That asset can then be used for retirement, turned into a recreational property, used to pay for the next kids' college, and given as a graduation gift to the child (gift taxes would be levied on such a large gift unless you used a trust to spread the gift Gift over many years) or sold and used to buy something else you want.
# 6 Isolation from stock market returns
Although there is some correlation between the general economy, real estate returns, and stock market returns, real estate sources of income tend to have quite a low correlation with the overall stock market. Combining a stock invested 529 plan with a real estate investment can add real diversification. Obviously, bringing a large wad of money into a single property could be seen as the opposite of diversification, especially with a view to potential appreciation.
# 7 Opportunity to teach the child
One of the things I really like about using real estate as a savings investment for college is the ability to teach the child financial principles. I use my 529 to teach my kids about taxes, stocks, bonds, dividends, appreciation, and compound interest. But I think real estate investment would be even more useful.
I could teach the kids something
- Property Management
and perhaps most importantly, I could teach them about work.
If you manage the property yourself, every time the property needs something, you drag the child into the property to look after the tenants, collect the rent, fix the toilet, paint the fence, etc. " This is your college fund, kid. Better take care of it. “If you buy the property in college town, the kid could become the college property manager and give them the opportunity to work for their income and valuable skills. He could even live on the property and use his select roommates' rents to pay for his own college expenses and build valuable life and business experience.
# 8 Estate planning
Giving the child the property (especially in the beginning when it's not worth much) has the added bonus of making money out of your estate. Obviously, given the large amount of inheritance tax exemption, this isn't a big problem for most doctors in many states, but it is a potential way to lower inheritance taxes. You would obviously lose control of the asset (like you would with a UGMA account), but you could reduce that loss by creating a trust.
This also has a number of drawbacks, especially when compared to using a 529 account.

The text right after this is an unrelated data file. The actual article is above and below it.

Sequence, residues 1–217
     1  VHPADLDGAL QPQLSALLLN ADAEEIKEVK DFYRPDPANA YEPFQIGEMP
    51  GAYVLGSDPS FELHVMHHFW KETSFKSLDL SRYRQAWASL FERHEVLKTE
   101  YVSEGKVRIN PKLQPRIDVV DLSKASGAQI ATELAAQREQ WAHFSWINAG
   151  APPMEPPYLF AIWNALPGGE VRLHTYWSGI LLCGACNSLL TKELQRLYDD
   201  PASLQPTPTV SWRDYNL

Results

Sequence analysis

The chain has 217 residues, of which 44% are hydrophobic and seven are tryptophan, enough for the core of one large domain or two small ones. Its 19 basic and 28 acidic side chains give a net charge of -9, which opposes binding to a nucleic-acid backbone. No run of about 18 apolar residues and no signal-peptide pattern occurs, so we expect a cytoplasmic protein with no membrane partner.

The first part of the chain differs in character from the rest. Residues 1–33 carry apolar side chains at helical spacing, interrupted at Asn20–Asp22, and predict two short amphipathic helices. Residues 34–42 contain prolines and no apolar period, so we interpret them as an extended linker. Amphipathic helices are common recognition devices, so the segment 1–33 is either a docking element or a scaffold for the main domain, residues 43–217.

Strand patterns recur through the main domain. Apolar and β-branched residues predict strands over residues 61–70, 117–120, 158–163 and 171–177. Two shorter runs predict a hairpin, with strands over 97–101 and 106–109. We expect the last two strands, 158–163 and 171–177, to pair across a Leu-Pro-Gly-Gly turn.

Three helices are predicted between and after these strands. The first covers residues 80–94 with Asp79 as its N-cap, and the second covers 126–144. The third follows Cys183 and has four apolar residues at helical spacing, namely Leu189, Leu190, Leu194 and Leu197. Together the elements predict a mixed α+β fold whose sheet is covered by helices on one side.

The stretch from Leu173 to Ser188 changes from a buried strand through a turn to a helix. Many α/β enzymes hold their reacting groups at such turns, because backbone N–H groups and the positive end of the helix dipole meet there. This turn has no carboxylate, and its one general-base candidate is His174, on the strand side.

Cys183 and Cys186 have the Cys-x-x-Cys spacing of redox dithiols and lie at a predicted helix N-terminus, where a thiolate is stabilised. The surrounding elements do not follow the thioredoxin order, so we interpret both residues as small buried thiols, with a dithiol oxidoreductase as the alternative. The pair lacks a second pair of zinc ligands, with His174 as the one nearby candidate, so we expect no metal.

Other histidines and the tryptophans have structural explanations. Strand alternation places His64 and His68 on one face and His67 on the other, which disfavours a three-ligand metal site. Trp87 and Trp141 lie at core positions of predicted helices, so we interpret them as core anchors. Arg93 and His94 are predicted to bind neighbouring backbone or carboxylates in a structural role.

- Loss of the tax break on a 529. It's hard to beat an upfront government tax break plus tax-free growth.
- Loss of liquidity compared to a good 529 invested in stocks. It's relatively easy to get a few thousand out of a 529 every month, semester, or year. It is much more difficult to match your real estate cash flow to your college cash needs.
- Both home equity loans and selling the home come at significant costs that a 529 doesn't.
- Real estate investing also requires expertise and skills that buying and holding index funds in a 529 simply doesn't require. It is an inefficient market, and just as there are many people who use their skills, expertise, hard work, and luck to increase their returns, there are many people who because of lack of skills, feelings of happiness, and poor returns achieve hard work.
- Of course, there is also the problem that real estate investments are partial investments and partial second jobs. While a second job gives you the opportunity to teach your child to work, it also means you will be doing extra work that you wouldn't otherwise do. Maybe you just want to use your time for something else.
- Even if you're not a handyman, hiring a consultant to manage a 529 is much easier than finding a consultant to buy and manage real estate without your having to make any significant contribution.
- As mentioned earlier, buying a single investment property instead of thousands of stocks is the classic "put all your eggs in one basket and watch closely" and the "don't put all your eggs in one basket" puzzle. If this property is performing poorly or has significant unforeseen expenses, it may not work nearly as well as a more diversified approach.
These drawbacks are the same whether you are buying real estate directly or whether you are involved in syndicated real estate.
In the end, the most important thing about college savings is to start early, save enough, and choose investments that actually make your money grow significantly faster than inflation in the relatively short amount of time you have. Stock index funds in good 529 are a fantastic option. Selected real estate investments may also work well for the right person / family, either alone or in combination with the 529.
Do you think real estate would work well to pay for your child's college? Why or why not? Comment below!